Thursday, December 27, 2012

Favorite Things Of 2012

OMG. I just realized 2012 might've been the best year of my life--socially, writing-wise, happiness levels, etc. 

In no particular order, here are a bunch of the coolest things of my year:

Big Big Mess Reading in Akron with Layne, Christopher, and our country-sensation/hype woman Ashley. Started some of the most interesting and solid friendships of the year.

AWP Chicago, especially the Lit Party.

Over The Top Reading Tour. Again, solidified/kick-started some stellar friendships.

My summer road trip, pretty much everything about it, but especially: 

  • Megabus trips to Chicago/ATL
  • Having a bald eagle fly over me as I was kayaking Lake Monroe
  • Hang-time in Tuscaloosa, including hoola-hoops, group writing time, and juggling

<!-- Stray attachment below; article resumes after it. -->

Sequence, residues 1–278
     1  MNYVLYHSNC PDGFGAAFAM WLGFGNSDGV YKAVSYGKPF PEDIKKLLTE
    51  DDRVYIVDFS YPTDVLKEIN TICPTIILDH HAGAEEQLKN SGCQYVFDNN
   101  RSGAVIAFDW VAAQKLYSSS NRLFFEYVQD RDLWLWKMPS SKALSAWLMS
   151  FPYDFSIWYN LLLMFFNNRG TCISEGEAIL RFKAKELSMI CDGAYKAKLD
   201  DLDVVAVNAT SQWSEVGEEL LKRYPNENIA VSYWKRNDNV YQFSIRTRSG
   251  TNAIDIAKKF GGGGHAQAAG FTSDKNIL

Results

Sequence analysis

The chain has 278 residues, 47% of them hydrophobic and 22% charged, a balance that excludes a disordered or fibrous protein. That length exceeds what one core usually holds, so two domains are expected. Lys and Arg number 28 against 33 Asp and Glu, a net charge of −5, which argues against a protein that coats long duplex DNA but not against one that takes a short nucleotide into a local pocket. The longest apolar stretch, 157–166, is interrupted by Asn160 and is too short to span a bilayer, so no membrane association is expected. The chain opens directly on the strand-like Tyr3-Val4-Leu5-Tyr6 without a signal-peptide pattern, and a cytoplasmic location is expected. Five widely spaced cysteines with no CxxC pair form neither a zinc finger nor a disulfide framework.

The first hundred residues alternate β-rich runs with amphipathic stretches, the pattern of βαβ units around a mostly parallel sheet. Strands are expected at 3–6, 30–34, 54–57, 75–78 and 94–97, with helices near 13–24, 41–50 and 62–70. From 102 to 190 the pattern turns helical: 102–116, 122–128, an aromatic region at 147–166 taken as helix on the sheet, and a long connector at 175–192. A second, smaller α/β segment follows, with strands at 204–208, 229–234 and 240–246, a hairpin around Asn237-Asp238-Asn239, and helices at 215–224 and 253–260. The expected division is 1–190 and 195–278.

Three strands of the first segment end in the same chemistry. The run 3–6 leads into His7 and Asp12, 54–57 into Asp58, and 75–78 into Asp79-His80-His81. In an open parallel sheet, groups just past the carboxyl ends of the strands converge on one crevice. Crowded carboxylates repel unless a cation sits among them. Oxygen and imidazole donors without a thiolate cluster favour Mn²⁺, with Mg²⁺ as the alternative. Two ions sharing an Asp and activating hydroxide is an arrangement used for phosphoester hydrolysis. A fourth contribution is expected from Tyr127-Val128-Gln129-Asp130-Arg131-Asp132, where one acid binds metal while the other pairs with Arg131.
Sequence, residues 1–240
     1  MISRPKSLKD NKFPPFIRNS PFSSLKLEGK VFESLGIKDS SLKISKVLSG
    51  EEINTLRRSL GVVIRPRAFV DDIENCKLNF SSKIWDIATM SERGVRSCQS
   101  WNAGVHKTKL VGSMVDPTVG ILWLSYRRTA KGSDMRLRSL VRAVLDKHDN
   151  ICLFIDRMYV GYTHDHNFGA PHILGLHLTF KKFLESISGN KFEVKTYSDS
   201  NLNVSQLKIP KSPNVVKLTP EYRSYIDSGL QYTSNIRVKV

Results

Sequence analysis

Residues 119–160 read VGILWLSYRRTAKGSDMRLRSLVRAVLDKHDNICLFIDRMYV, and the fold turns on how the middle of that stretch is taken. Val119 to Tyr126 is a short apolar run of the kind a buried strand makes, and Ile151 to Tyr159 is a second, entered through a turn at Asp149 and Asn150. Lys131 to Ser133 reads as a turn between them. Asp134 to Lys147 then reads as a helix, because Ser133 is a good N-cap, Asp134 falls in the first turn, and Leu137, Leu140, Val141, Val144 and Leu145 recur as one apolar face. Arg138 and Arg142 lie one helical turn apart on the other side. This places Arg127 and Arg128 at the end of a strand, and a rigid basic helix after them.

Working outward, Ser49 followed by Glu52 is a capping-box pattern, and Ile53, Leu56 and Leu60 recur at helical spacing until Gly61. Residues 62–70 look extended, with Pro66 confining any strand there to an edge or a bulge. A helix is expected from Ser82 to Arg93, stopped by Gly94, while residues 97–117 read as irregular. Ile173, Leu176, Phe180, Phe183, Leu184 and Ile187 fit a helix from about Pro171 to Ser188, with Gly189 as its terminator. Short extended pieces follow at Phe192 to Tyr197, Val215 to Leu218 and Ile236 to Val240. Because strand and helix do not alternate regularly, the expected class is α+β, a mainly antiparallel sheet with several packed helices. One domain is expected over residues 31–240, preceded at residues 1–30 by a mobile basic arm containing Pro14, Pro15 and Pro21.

• Seeing the Katy Perry movie with Laura
  • The Vouched ATL birthday bash
  • King of the Hill night with Michael Straub
  • Walks with Pinky
  • Getting a tattoo in Akron with Ashley
  • Reading in Kleinberg's basement/opening for a metal band
  • Bro time with my actual brother
  • Being at the final day of the World Disc Golf Championships in Charlotte
  • A week at the beach with Layne 
  • Seeing Japandroids in Chicago with Kleinberg

Favorite album of the year: Celebration Rock by Japandroids

Other favorite albums: Now Here's My Plan by Bonnie Prince Billy, Baptist Girls by Bro. Stephen, Savages by Bonesetters (Okay it was late 2011), Attack on Memory by Cloud Nothings 

Favorite book of the year: Bender by Dean Young

Other top books: The Collected Works Vol. 1 by Scott McClanahan, Sermons and Lectures Both Blank And Relentless by Matt Hart, Madness Rack and Honey by Mary Ruefle, the two chapbooks by Nick Sturm, The Map of the System of Human Knowledge by James Tadd Adcox, I Take Back The Sponge Cake by Loren Erdrich & Sierra Nelson, What Is Amazing by Heather Christle

Check out my list of my favorite small press stuff at Vouched

Regular e-mail chats with Ashley Farmer, Mike Young, A.T. Grant, and several more.

Regular poems dropping in my inbox from Zach Arnett, Nick Sturm, Wendy Xu and more.